Project LivestockNZ was formally established as a McGuinness Institute research project in 2016. The project was intended to build on previous work focused on agriculture, including research on benchmarking protein, genetic modification and NZ King Salmon farming in the Marlborough Sounds. Together this work would form the beginnings of an investigation into how New Zealand might transition smoothly towards a more sustainable livestock model.
Project LivestockNZ would enable the Institute to bring together previous work specifically on livestock that had been initiated as early as 2013, as well as to make use of the expertise of our patrons to help guide and stress-test this work. This work was based on the assumption New Zealand will need to manage farming practices. Our interest was in understanding what livestock (e.g. types, breeds and numbers) and what policy initiatives (e.g. taxes or incentives) might achieve the best outcomes for New Zealand in the longer term.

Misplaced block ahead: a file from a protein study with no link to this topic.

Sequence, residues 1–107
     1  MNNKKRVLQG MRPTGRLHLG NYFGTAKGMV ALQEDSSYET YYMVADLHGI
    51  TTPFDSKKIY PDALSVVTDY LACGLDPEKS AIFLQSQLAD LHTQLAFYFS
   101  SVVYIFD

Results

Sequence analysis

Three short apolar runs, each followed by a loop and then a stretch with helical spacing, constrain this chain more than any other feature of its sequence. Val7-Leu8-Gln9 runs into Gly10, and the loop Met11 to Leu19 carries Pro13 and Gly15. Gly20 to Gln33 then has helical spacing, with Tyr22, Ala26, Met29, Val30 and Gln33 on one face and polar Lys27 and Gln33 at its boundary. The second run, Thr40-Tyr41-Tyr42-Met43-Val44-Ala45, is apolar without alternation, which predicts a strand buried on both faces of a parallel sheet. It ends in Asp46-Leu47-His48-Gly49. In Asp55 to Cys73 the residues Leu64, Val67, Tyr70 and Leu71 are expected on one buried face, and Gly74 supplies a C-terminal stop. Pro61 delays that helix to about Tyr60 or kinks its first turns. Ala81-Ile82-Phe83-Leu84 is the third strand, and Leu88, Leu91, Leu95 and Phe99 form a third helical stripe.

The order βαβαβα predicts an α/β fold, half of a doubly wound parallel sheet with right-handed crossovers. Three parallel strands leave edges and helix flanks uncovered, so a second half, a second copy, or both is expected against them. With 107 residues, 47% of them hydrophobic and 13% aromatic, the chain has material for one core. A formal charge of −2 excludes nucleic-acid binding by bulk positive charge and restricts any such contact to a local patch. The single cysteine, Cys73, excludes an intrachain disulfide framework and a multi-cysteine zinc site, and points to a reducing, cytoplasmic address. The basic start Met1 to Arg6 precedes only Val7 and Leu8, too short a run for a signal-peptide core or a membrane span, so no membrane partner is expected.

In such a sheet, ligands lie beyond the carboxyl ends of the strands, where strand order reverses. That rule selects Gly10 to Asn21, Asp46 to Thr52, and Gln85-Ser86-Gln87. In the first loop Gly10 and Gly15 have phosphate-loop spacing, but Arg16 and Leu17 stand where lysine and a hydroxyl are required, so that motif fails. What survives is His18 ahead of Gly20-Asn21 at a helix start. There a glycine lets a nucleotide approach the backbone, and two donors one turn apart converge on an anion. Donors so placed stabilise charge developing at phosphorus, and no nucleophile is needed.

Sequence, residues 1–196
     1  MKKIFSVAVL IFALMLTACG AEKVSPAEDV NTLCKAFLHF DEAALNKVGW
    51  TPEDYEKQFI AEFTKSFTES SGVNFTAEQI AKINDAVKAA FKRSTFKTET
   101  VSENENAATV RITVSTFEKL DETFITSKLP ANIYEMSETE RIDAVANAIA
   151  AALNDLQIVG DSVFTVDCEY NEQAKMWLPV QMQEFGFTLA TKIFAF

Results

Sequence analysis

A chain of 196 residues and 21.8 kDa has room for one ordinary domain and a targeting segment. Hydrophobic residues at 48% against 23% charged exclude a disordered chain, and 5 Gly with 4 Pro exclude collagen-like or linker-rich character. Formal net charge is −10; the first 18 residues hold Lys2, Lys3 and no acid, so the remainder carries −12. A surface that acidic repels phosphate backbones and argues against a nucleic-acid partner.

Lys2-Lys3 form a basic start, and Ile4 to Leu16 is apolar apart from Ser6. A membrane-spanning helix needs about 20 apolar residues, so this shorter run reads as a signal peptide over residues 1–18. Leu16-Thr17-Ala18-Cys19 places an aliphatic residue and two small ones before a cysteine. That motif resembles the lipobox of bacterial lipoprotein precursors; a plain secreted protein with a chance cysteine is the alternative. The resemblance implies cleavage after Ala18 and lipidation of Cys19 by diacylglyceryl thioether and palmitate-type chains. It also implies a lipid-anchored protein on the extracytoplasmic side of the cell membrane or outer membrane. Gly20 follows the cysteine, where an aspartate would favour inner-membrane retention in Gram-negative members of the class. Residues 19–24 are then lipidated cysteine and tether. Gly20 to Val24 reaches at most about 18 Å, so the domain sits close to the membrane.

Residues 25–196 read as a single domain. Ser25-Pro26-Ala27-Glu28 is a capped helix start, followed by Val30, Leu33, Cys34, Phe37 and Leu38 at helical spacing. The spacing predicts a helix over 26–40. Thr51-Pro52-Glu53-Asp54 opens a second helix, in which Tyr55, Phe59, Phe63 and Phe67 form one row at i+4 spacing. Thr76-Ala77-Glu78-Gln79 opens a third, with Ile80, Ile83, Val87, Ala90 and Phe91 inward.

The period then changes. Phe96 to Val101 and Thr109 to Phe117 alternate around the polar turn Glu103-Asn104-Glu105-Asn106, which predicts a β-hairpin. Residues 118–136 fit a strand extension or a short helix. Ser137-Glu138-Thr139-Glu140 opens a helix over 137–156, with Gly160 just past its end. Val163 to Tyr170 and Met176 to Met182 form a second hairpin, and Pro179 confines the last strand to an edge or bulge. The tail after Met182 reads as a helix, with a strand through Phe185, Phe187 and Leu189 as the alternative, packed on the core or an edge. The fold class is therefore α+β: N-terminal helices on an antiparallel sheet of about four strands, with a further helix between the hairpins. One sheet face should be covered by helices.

For the purpose of this research project, ‘livestock’ was defined as domesticated animals raised in an agricultural setting to produce commodities such as food (e.g. meat, eggs and fish) and fibre (e.g. wool and feathers). This definition sees livestock as having a commercial purpose in that they are reared specifically for financial gain.
Unfortunately, the organic nature of the McGuinness Institute work programme meant that these pieces of LivestockNZ work were never published. However, this is not to say that the Institute is no longer interested in this area. Instead, the LivestockNZ scoping work will be absorbed into the broader Project ClimateChangeNZ.